Towards the end of 1871 Bahá'u'lláh received a letter from one of His devoted followers in Persia, Haji Siyyid 'Ali-Akbar-i-Dahaji, a nephew of Siyyid Mihdi, the Ismu'llah. In answer to his letter, Bahá'u'lláh revealed the Lawh-i-Qad Ihtaraqa'l-Mukhlisun, or the Lawh-i-ihtiraq, translated into English and known in the west as the Fire Tablet. The recipient of this Tablet, Haji Siyyid 'Ali-Akbar was so much loved by Bahá'u'lláh that when he passed away Bahá'u'lláh gave his uncle the name 'Ali-Akbar, in memory of that devoted believer.
The Lawh-i-Qad Ihtaraqa'l-Mukhlisun is one of Bahá'u'lláh's most celebrated Tablets; it is possessed of great powers, and the believers often recite it at times of difficulties and suffering. Of this Tablet Bahá'u'lláh states in the Fire Tablet:
'Should all the servants read and ponder this, there shall be kindled in their veins a fire that shall set aflame the worlds.'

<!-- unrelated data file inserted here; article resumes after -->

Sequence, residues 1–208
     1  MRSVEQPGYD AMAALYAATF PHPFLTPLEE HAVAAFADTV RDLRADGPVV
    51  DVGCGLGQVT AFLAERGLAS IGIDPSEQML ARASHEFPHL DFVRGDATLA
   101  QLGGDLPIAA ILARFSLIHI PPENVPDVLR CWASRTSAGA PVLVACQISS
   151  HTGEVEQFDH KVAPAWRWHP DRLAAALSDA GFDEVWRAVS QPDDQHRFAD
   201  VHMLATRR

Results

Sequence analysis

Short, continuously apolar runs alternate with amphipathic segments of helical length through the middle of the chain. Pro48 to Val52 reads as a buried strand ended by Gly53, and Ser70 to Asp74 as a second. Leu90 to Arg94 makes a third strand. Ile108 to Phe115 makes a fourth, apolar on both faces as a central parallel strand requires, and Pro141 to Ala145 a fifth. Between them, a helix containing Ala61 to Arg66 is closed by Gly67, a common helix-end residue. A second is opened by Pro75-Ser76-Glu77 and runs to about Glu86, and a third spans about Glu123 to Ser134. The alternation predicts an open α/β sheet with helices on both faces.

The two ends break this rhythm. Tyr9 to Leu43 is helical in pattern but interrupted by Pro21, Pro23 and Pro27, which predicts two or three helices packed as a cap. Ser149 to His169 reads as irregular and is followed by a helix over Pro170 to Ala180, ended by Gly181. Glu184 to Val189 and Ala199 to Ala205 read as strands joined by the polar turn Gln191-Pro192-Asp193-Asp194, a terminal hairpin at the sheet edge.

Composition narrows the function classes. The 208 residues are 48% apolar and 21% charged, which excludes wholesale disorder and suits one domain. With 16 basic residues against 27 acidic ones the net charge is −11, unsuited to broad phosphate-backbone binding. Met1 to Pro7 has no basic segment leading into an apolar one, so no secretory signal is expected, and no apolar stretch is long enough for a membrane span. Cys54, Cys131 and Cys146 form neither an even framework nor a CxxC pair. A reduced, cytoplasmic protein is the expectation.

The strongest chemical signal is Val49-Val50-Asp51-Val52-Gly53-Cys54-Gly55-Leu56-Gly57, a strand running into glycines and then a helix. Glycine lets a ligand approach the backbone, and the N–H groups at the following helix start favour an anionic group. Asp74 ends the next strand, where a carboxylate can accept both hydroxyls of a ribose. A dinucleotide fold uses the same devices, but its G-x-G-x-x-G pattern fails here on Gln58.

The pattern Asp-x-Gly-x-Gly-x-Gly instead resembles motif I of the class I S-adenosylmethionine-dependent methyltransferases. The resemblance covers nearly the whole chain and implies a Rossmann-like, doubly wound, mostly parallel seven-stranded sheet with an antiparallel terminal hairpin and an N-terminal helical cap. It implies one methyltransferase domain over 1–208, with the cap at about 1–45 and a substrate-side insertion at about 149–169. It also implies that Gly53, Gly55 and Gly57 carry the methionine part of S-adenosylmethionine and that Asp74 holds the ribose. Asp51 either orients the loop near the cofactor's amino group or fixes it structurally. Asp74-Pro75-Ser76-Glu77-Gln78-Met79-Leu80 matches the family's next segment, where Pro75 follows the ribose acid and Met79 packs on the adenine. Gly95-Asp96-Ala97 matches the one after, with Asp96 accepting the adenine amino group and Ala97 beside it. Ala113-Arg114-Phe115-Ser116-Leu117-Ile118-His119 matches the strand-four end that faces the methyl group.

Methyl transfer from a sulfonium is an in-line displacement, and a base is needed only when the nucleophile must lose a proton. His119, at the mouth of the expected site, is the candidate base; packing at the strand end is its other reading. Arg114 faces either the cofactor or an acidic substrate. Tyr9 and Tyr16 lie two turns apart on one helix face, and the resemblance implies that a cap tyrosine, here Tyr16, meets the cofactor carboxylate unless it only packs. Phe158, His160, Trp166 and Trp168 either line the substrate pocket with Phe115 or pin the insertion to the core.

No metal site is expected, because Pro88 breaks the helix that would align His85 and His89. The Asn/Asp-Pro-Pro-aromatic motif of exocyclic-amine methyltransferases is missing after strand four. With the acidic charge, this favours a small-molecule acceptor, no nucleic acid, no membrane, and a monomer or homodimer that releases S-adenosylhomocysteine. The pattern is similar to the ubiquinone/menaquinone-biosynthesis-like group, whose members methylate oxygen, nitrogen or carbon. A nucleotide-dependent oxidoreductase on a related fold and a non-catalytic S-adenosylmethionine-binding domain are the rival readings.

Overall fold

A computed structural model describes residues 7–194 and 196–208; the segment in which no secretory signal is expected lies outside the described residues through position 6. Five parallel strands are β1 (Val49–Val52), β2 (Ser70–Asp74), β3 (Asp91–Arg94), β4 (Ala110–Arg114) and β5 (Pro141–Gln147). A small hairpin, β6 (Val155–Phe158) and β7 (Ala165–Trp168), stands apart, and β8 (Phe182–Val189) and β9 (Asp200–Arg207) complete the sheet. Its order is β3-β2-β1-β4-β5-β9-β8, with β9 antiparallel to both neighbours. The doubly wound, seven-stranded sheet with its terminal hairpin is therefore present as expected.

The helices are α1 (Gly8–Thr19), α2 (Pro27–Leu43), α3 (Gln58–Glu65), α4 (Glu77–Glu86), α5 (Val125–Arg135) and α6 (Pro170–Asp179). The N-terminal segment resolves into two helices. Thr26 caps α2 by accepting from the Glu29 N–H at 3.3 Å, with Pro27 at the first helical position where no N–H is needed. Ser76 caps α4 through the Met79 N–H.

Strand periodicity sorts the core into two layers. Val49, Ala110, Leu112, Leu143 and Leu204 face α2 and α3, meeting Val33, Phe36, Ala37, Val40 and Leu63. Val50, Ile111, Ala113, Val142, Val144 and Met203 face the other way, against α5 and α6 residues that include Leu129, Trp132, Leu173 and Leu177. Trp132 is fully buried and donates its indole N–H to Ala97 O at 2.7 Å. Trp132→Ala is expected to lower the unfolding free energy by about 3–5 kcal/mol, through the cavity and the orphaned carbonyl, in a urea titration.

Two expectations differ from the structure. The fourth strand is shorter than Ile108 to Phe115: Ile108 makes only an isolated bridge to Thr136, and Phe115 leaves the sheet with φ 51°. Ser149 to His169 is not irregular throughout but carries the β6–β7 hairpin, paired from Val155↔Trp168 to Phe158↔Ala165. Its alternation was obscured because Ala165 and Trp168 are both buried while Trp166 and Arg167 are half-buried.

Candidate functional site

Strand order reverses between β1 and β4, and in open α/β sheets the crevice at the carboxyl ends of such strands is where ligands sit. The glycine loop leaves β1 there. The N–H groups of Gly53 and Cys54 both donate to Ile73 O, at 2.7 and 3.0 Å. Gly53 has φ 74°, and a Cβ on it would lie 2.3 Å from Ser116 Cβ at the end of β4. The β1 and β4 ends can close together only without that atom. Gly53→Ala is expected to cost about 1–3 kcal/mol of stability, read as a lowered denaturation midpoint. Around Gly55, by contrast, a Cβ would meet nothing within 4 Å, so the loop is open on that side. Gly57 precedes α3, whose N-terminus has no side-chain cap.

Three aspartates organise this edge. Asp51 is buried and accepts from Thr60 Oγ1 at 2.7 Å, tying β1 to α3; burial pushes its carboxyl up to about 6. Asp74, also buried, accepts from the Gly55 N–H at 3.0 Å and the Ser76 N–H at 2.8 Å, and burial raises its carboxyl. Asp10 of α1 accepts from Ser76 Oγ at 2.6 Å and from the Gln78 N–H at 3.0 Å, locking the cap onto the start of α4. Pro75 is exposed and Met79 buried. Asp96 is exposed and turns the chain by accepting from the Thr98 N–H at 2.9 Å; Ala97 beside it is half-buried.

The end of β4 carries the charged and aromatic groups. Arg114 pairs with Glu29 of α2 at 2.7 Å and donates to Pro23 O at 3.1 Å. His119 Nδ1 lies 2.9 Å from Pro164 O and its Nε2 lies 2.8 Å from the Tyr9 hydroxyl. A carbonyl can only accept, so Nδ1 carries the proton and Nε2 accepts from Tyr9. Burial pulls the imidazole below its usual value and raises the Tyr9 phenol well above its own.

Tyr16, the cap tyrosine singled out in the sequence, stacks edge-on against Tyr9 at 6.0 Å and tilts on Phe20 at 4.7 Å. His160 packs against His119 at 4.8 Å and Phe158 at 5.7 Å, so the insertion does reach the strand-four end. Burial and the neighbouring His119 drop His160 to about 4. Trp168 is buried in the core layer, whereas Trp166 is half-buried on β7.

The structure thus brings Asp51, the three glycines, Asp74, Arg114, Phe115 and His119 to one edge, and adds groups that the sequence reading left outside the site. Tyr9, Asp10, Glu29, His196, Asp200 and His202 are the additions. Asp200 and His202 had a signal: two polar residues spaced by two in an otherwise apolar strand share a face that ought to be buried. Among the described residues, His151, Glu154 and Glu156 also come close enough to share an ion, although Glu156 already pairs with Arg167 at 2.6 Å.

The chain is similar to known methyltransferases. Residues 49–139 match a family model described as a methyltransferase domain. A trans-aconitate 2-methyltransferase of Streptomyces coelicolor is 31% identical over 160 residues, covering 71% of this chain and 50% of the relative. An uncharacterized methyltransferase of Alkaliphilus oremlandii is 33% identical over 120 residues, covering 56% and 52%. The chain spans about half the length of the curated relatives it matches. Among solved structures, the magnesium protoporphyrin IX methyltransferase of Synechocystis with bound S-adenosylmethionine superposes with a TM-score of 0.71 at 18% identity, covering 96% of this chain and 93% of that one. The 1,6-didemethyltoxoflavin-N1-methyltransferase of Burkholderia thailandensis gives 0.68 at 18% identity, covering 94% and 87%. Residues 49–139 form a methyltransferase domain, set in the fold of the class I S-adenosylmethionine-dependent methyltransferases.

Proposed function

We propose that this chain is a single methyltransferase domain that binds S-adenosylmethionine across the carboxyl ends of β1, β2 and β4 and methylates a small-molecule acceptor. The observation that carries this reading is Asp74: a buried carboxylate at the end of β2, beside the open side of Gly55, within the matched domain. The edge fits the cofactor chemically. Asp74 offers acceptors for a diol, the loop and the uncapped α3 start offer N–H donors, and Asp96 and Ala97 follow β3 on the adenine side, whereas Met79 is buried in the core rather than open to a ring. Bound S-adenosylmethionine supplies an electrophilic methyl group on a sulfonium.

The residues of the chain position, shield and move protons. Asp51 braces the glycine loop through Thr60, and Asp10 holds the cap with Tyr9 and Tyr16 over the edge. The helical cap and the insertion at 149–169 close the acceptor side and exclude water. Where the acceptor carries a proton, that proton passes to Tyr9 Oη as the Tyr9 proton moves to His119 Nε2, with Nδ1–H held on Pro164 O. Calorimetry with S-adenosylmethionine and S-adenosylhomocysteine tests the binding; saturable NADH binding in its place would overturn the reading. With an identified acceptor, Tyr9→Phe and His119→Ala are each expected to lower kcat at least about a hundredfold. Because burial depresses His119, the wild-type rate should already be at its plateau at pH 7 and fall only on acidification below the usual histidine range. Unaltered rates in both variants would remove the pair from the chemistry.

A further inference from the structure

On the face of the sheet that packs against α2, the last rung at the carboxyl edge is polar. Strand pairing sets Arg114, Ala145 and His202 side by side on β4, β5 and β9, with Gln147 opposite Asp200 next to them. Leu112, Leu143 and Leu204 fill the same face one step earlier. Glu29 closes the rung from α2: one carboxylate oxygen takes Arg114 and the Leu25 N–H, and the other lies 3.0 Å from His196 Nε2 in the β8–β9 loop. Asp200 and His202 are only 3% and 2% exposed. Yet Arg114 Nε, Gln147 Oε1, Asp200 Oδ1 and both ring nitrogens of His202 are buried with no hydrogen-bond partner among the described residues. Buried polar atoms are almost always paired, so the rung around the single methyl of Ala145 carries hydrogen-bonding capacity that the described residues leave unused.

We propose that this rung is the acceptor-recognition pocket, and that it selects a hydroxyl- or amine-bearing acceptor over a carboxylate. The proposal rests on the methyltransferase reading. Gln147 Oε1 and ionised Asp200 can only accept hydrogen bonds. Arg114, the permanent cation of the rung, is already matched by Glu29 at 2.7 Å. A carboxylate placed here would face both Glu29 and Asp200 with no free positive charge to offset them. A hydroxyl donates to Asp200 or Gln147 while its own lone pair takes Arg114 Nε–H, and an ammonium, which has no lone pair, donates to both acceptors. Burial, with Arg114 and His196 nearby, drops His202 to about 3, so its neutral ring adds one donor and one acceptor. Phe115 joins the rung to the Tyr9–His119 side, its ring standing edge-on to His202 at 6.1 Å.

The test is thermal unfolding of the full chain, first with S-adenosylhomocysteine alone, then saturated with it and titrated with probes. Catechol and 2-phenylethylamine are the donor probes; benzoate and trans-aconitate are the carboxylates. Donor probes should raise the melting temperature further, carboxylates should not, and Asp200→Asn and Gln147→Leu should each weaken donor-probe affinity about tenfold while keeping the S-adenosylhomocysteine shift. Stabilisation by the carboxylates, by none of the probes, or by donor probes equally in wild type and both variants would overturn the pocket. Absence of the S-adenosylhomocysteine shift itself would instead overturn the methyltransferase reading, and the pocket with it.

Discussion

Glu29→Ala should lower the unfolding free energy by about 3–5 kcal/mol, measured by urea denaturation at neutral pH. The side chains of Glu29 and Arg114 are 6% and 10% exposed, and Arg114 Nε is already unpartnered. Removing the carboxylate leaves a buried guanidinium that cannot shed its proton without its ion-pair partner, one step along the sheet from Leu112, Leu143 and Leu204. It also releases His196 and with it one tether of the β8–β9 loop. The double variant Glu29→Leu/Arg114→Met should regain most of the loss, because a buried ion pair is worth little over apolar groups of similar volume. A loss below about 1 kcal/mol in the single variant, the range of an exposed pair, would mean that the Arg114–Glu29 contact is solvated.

The Fire Tablet is in Arabic rhyming verse; it moves the heart when chanted in the original language. It was revealed at a time when great afflictions and sorrows had surrounded Bahá'u'lláh as a result of the hostility, betrayal and acts of infamy perpetrated by those few individuals who had once claimed to be the helpers of the Cause of God. Bahá'u'lláh pours out His heart in this Tablet and expatiates on His afflictions. For nothing brings more sorrow to the heart of the Manifestation of God than unfaithfulness and treachery from within the community. Imprisonment and all manner of persecution by the outside enemy can do no harm to the Cause. What harms it are the actions of those who bear His name and yet commit deeds contrary to His good-pleasure. These few breakers of the Covenant of the Báb, who followed Mirza Yahya and rose up against Bahá'u'lláh from within, created such havoc in the community and among the inhabitants of 'Akká that the Pen of Bahá'u'lláh lamented in this Tablet in a manner unprecedented in all His Writings.